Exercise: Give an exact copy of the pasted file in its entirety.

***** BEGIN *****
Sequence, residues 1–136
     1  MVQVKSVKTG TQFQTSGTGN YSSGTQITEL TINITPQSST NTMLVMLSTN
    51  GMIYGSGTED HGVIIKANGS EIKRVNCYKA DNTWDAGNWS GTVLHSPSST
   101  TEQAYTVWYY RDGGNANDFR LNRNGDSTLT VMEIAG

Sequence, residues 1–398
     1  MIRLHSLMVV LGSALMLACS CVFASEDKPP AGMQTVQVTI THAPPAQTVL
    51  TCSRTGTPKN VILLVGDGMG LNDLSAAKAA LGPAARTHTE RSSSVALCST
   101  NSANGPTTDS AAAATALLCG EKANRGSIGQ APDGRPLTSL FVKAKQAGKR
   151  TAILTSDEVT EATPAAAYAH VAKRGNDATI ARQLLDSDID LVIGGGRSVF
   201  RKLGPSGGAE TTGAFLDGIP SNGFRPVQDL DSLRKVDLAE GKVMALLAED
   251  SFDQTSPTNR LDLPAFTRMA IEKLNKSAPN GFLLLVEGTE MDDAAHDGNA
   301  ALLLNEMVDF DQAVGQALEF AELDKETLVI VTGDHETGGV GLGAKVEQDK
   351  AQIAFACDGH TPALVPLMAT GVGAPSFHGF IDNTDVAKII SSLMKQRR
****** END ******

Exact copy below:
Sequence, residues 1–136
     1  MVQVKSVKTG TQFQTSGTGN YSSGTQITEL TINITPQSST NTMLVMLSTN
    51  GMIYGSGTED HGVIIKANGS EIKRVNCYKA DNTWDAGNWS GTVLHSPSST
   101  TEQAYTVWYY RDGGNANDFR LNRNGDSTLT VMEIAG

Sequence, residues 1–398
     1  MIRLHSLMVV LGSALMLACS CVFASEDKPP AGMQTVQVTI THAPPAQTVL
    51  TCSRTGTPKN VILLVGDGMG LNDLSAAKAA LGPAARTHTE RSSSVALCST
   101  NSANGPTTDS AAAATALLCG EKANRGSIGQ APDGRPLTSL FVKAKQAGKR
   151  TAILTSDEVT EATPAAAYAH VAKRGNDATI ARQLLDSDID LVIGGGRSVF
   201  RKLGPSGGAE TTGAFLDGIP SNGFRPVQDL DSLRKVDLAE GKVMALLAED
   251  SFDQTSPTNR LDLPAFTRMA IEKLNKSAPN GFLLLVEGTE MDDAAHDGNA
   301  ALLLNEMVDF DQAVGQALEF AELDKETLVI VTGDHETGGV GLGAKVEQDK
   351  AQIAFACDGH TPALVPLMAT GVGAPSFHGF IDNTDVAKII SSLMKQRR